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LCQ18: Sulphur dioxide in food

     Following is a question by the Hon Andew Cheng and a written reply by the Secretary for Food and Health, Dr York Chow, in the Legisative Council today (December 17):


     According to the Preservatives in Food Regulations (Cap. 132 sub. leg. BD), which govern the amount of sulphur dioxide allowed in different categories of food, the sale of fresh, chilled or frozen meat containing sulphur dioxide is an offence. However, it has recently been reported that beef containing sulphur dioxide is prevalent in the market. In this connection, will the Government inform this Council:

(a) whether the Food and Environmental Hygiene Department (FEHD) had regularly taken samples of fresh beef and food items other than meat for sulphur dioxide testing over the past three years; if it had, of the respective numbers of the two kinds of samples taken and, among them, those found to contain sulphur dioxide exceeding the statutory permitted levels, as well as the relevant details;

(b) of the number of traders convicted in the past three years for breaching the above provision, as well as the penalties imposed on them, and whether it will consider raising the penalties to enhance the deterrent effect; if it will, of the details; if not, the reasons for that; and

(c) whether FEHD will make public the names and locations of the shops found to be selling beef containing sulphur dioxide for reference by the public; if it will, of the details; if not, the reasons for that?



(a) Sulphur dioxide is used in the food manufacturing industry as a preservative in a variety of foods, including preserved fruits and fruit juices. As sulphur dioxide is water soluble, most of it can be removed through washing and cooking. While sulphur dioxide is of low toxicity, people who are allergic to it may experience respiratory discomfort, headaches and nausea. According to the International Agency for Research on Cancer of the World Health Organisation, there is inadequate evidence that sulphur dioxide can cause cancer.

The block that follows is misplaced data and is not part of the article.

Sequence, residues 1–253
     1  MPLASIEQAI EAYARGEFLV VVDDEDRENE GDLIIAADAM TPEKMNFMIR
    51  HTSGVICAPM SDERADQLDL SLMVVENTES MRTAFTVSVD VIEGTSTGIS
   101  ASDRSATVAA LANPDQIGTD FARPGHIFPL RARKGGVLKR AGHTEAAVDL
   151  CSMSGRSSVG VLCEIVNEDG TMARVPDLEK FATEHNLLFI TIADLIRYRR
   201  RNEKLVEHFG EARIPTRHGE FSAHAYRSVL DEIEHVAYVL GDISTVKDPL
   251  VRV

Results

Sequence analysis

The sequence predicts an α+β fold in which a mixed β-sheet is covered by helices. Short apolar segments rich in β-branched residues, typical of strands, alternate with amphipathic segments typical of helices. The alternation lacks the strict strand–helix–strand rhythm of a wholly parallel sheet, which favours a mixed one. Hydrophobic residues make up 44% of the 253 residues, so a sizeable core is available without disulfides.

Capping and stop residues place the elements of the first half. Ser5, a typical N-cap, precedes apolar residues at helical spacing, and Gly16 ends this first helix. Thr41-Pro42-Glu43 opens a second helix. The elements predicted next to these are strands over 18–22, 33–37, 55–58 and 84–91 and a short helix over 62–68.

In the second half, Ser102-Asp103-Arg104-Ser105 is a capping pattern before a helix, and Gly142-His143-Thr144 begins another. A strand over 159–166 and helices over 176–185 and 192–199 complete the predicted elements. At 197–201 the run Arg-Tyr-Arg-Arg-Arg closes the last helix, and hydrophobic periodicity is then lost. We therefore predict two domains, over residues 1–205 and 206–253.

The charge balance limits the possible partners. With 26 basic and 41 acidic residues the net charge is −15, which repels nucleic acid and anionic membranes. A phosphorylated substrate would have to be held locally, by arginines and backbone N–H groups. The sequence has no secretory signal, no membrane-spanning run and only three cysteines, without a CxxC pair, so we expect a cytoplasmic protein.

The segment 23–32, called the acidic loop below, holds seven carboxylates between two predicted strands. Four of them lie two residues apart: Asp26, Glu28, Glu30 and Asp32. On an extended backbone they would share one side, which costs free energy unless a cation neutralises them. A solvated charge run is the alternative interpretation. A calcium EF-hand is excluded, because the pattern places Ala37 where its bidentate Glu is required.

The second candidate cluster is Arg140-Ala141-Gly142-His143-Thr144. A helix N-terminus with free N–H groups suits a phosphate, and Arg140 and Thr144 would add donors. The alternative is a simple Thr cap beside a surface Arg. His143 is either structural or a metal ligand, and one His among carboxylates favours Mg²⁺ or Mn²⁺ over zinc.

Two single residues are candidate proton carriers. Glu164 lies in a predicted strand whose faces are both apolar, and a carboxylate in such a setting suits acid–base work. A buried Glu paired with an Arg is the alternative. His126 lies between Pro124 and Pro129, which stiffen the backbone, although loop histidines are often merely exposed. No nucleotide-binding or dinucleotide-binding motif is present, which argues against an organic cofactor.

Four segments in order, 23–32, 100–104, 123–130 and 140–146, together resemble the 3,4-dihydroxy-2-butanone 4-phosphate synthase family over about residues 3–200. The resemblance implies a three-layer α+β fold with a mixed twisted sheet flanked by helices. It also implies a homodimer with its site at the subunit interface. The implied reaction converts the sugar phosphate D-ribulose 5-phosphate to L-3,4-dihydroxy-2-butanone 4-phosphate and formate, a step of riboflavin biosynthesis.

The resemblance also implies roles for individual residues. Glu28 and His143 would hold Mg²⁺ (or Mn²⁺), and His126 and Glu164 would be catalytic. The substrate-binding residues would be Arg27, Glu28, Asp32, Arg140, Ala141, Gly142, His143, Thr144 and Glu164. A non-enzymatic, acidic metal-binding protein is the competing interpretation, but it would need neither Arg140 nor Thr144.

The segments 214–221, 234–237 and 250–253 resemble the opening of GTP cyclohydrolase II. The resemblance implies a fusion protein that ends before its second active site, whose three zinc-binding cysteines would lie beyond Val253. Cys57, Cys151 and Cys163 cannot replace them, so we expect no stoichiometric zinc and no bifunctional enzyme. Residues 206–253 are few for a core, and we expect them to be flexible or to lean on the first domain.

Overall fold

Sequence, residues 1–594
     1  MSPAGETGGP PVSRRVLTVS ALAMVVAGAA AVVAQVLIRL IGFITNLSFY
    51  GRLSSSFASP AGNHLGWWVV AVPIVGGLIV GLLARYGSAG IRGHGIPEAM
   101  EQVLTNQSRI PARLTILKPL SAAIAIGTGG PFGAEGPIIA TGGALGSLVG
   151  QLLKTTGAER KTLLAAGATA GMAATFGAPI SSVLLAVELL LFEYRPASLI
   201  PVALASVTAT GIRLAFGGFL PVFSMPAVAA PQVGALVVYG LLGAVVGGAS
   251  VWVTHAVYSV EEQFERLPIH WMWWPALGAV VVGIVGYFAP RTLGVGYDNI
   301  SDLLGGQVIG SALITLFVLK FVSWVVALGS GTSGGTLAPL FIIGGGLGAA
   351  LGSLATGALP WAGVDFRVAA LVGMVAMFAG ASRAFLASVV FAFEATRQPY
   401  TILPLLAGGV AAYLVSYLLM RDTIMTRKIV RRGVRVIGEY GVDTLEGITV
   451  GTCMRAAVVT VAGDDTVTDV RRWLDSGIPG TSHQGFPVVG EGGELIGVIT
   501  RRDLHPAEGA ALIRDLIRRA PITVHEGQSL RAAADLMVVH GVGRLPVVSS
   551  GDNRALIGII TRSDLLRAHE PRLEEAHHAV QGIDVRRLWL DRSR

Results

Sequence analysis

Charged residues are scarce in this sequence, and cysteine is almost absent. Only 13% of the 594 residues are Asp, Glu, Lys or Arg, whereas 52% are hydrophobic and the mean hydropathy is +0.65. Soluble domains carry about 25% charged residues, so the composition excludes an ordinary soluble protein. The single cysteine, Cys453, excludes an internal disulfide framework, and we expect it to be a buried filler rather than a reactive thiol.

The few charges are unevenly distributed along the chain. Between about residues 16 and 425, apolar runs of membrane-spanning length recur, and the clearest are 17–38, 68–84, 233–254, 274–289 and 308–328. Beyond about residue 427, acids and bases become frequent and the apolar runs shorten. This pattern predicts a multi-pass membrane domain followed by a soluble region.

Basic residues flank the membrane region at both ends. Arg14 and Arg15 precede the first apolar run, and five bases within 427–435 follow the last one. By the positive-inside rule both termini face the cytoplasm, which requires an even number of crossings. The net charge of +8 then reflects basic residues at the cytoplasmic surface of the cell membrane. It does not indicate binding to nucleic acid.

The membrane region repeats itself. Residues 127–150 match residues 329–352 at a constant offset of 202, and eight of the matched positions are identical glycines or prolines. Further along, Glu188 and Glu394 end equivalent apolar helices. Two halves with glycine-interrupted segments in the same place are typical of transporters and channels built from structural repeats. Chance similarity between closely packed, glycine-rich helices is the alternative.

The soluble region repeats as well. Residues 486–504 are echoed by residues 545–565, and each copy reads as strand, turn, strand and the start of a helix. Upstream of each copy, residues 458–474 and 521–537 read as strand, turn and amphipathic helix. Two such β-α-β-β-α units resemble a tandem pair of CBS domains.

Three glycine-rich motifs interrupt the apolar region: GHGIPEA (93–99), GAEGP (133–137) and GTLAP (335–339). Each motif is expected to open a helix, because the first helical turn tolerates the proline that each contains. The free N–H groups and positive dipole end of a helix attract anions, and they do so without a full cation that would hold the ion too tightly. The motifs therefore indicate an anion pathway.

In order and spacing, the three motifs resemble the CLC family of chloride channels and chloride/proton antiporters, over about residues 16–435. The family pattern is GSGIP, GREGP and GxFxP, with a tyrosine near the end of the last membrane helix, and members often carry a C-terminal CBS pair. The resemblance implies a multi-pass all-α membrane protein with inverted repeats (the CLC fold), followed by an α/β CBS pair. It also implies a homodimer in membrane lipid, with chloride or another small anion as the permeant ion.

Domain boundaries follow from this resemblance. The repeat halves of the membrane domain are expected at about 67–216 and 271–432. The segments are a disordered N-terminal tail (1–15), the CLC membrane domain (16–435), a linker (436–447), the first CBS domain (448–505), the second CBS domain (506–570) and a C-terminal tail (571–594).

The Administration has always been concerned about the illegal use of sulphur dioxide by meat traders. Fresh provision shops as well as market stalls selling meat are subject to regular inspections to monitor the source and safety of meat on sale. The Food Surveillance Programme implemented by the Food and Environmental Hygiene Department (FEHD) is designed to control and prevent food hazards. Food samples are taken at import, wholesale and retail levels for microbiological and chemical testings.

     The Food Surveillance Programme covers sample testing of meat from retail outlets for sulphur dioxide. Apart from including the testing of sulphur dioxide in meat in the routine surveillance programme, targeted surveillance projects focusing on this specific issue were also conducted in the past two years. The latest targeted surveillance for assessing the use of sulphur dioxide in meat was conducted from July to September 2008, with the results announced in early October. In the exercise, some 290 pork and beef samples were collected for tests, among which 15 beef samples and four pork samples were found to contain sulphur dioxide, at levels ranging from 10 ppm to 2,100 ppm. Test results for sulphur dioxide in meat samples for the past three years under the Food Surveillance Programme are listed in the Annex.